Nothing Cobblers about this

Up ’n’ Under, Alnwick Playhouse, Friday, May 7, 7.30pm.

HAVING seen many of Alnwick Theatre Club’s previous performances I was looking forward to another comic routine which would leave me smiling – and I wasn’t disappointed.

First staged in 1984, John Godber’s Up ‘n’ Under follows the story of the consistently rubbish rugby sevens team based at the Wheatsheaf Arms. With an unbroken record of defeat, the team’s finest hour was losing 54-0.

But one man thinks he can change their fortunes.

Cajoled into a courageous bet, Arthur Hoyle, a retired player, undertakes to train the boys – who regularly turn out with a team of just four – to play against the unbeaten Cobblers Arms lads, the best sevens side in the north of England.

But when the lads fail to turn up to the first training session at Walton Sports Field, Arthur meets Hazel Scott who runs a body-building gym and enlists her to help him lead the lads to victory.

The play started with narration from David Paterson – who plays the quirky Frank Rowley – before the bet is made between Arthur (Peter Biggers) and Cobblers’ manager Reg Welsh (Robin Lewsey).

Being the only characters on stage, they have the audience hooked, and with some witty one-liners the laughter was already starting to bubble.

There was true comedy value in seeing the Wheatsheaf’s team for the first time.

Three men down, only one managed to show up with the right gear while another was wearing Jesus sandals which caused the audience to explode with laughter.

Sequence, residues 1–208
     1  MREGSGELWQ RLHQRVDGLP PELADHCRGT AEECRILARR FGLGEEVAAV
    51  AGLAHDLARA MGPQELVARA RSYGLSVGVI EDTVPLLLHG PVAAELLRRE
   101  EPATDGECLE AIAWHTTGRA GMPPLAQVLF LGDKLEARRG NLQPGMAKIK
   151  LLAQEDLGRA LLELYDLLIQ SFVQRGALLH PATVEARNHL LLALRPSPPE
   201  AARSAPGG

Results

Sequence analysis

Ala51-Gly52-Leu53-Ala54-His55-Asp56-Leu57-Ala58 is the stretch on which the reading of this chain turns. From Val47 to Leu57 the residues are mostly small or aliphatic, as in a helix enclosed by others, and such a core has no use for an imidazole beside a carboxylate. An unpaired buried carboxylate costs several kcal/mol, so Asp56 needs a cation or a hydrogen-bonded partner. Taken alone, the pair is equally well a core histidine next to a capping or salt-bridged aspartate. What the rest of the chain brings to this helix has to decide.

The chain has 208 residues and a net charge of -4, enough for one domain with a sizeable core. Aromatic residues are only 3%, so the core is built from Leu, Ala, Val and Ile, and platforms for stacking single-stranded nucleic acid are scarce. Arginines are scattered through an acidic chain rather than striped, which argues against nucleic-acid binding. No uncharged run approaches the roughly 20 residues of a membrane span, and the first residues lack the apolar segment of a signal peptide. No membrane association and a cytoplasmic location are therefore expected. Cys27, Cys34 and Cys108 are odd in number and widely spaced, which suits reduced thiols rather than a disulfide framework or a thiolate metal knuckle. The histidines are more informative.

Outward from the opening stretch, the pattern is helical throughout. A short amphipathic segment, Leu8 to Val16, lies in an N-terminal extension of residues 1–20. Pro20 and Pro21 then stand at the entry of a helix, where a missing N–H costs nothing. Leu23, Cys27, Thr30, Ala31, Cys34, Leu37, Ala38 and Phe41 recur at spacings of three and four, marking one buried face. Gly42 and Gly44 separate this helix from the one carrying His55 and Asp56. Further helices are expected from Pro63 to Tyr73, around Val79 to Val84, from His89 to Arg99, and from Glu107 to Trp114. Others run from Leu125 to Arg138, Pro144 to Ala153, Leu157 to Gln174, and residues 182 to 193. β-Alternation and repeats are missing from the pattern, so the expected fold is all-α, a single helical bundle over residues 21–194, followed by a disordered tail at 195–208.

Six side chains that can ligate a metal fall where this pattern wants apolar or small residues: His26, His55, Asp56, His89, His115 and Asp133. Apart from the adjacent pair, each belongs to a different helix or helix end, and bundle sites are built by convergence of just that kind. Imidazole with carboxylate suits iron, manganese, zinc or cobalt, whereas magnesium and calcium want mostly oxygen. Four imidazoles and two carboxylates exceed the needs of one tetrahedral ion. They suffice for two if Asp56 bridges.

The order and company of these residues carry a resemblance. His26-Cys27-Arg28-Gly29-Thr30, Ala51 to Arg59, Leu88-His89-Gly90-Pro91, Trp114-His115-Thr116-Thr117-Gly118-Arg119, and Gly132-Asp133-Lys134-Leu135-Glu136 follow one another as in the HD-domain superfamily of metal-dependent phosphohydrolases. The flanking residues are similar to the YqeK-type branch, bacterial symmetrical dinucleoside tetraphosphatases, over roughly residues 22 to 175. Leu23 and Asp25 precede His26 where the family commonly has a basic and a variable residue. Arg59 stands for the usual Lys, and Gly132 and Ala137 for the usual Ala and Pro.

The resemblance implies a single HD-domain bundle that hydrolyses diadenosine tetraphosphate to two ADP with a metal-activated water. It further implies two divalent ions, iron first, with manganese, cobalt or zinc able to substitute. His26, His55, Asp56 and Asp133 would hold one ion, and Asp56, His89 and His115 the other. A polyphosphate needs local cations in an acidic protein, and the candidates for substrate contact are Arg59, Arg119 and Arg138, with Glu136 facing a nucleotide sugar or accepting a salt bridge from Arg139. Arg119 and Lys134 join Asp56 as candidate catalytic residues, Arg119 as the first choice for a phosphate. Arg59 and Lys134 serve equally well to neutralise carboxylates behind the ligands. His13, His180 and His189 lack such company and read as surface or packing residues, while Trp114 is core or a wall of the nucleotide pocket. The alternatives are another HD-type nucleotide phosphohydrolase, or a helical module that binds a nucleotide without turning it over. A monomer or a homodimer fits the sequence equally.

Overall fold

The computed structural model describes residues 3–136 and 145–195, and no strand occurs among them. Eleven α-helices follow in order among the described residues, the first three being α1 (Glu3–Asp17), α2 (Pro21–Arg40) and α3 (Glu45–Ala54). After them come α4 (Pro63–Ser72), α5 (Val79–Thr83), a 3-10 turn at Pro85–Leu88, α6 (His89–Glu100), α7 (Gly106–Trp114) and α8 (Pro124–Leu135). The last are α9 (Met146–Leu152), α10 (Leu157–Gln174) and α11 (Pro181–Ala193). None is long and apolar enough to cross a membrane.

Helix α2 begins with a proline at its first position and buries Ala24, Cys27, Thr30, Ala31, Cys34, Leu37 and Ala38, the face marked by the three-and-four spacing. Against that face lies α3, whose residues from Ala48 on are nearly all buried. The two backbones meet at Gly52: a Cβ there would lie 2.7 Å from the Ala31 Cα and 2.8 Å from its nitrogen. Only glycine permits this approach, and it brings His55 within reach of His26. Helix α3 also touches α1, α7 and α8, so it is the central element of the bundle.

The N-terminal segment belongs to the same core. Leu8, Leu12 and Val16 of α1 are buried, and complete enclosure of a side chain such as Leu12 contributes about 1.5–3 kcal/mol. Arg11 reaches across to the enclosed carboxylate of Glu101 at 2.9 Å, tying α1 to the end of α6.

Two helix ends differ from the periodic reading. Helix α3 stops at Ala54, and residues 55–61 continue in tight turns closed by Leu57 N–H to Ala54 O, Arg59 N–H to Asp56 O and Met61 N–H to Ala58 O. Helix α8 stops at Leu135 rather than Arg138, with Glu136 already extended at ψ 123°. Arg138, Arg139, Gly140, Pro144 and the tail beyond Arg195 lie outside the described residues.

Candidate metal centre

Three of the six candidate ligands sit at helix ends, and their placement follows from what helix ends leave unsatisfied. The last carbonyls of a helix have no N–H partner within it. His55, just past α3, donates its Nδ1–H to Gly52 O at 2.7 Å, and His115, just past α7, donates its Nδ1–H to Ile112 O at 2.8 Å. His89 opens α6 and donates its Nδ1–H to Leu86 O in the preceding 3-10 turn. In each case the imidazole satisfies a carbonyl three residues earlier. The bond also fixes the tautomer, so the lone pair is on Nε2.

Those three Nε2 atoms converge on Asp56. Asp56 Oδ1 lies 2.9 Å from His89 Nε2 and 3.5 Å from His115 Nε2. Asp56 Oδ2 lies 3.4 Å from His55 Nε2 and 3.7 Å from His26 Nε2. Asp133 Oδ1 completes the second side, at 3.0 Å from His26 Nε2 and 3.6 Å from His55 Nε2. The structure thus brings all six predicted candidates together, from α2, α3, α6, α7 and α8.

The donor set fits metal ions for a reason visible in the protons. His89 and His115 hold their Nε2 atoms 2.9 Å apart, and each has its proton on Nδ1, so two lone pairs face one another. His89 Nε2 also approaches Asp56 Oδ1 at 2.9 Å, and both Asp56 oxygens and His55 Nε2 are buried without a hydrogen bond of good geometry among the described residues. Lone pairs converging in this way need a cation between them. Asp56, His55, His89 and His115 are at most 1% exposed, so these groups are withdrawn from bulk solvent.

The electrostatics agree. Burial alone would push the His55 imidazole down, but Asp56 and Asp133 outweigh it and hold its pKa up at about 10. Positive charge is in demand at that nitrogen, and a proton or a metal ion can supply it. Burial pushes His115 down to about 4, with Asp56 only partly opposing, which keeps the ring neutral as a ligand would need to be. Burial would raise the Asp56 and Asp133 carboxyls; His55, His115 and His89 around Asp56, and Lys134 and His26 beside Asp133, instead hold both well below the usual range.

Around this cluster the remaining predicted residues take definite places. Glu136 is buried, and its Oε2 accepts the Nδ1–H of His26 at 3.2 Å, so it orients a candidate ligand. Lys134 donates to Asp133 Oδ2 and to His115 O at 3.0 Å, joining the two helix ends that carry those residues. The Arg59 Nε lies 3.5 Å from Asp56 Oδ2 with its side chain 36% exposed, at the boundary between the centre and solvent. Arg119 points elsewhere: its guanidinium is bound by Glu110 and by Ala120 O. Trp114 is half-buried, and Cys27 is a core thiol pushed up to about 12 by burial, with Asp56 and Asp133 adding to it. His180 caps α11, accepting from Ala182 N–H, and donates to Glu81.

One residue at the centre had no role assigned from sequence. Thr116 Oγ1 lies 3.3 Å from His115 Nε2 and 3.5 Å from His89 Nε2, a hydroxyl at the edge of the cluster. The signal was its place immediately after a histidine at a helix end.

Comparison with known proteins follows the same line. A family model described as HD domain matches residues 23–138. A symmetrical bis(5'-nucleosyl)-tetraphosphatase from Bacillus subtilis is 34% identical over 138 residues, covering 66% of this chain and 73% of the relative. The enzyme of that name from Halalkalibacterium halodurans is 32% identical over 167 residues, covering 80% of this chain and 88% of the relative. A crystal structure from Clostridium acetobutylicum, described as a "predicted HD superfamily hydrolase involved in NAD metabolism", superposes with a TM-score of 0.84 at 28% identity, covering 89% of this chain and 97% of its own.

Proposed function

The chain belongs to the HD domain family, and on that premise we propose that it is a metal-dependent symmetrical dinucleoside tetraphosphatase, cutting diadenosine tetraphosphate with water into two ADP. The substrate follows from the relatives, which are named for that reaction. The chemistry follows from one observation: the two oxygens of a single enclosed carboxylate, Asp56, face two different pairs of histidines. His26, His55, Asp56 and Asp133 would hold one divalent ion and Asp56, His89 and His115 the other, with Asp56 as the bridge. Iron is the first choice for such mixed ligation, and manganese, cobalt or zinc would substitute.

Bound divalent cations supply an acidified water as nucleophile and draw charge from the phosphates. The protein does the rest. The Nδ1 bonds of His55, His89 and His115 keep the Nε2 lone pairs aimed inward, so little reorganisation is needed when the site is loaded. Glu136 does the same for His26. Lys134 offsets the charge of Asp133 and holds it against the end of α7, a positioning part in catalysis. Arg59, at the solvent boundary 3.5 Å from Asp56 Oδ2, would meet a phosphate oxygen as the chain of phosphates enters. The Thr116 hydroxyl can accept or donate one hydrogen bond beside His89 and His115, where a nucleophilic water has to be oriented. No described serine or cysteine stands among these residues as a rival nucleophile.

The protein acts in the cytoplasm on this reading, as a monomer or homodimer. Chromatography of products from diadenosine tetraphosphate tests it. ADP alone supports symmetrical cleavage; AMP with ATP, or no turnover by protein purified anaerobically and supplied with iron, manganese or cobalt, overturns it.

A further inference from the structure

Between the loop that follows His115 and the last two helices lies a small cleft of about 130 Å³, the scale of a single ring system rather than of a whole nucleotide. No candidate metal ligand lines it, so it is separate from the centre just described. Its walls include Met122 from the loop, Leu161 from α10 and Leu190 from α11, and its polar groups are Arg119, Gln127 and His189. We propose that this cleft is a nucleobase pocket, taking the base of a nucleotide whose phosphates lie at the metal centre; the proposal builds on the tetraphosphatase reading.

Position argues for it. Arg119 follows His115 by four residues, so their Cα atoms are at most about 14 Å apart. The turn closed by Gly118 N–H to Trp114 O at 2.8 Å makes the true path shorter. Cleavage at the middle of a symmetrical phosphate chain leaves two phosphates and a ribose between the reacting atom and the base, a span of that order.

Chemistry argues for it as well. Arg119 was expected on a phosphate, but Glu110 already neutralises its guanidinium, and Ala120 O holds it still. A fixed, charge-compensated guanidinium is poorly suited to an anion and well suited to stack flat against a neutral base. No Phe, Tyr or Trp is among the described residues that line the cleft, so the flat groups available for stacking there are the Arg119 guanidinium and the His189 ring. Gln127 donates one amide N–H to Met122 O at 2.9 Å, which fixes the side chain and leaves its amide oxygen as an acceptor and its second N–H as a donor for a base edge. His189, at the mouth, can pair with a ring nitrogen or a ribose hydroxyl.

And as the story continues, the comedy and laughter continued to flow, especially in the gym scenes.

Julie McIntosh was a brilliant Hazel, putting the lads through their paces and showing them that girls can be as good as and sometimes better than boys.

Peter Biggers was fantastic as Arthur , who played as well as coaching, and proved that he had what it takes to create a winning side.

Gary Brown, who played teacher Phil Hopley, was also one of my favourites.

The slapstick gags he managed to tag in had theatregoers in stitches.

Add to that his Romeo and Juliet parody turned into a rugby poem and he was definitely on to a winner.

Despite them losing by a point to the Cobblers, the Wheatsheaf gave it their all – especially when some of their players turned into the opponents!

The best moment for me though was when the audience turned into the fans cheering and applauding their team, who managed to play a whole game on the Playhouse theatre stage.

The play showed real camaraderie and each and every member of cast should give themselves a huge pat on the back.

Performing a whole play with only seven cast members is a major achievement.

And while there were a few fluffs of the lines, overall the play was superb and showed true talent, wit and spirit.


Cast: David Paterson, Robin Lewsey, Peter Biggers, Julie McIntosh, Gary Brown, James Matthewson, Andrew Kane.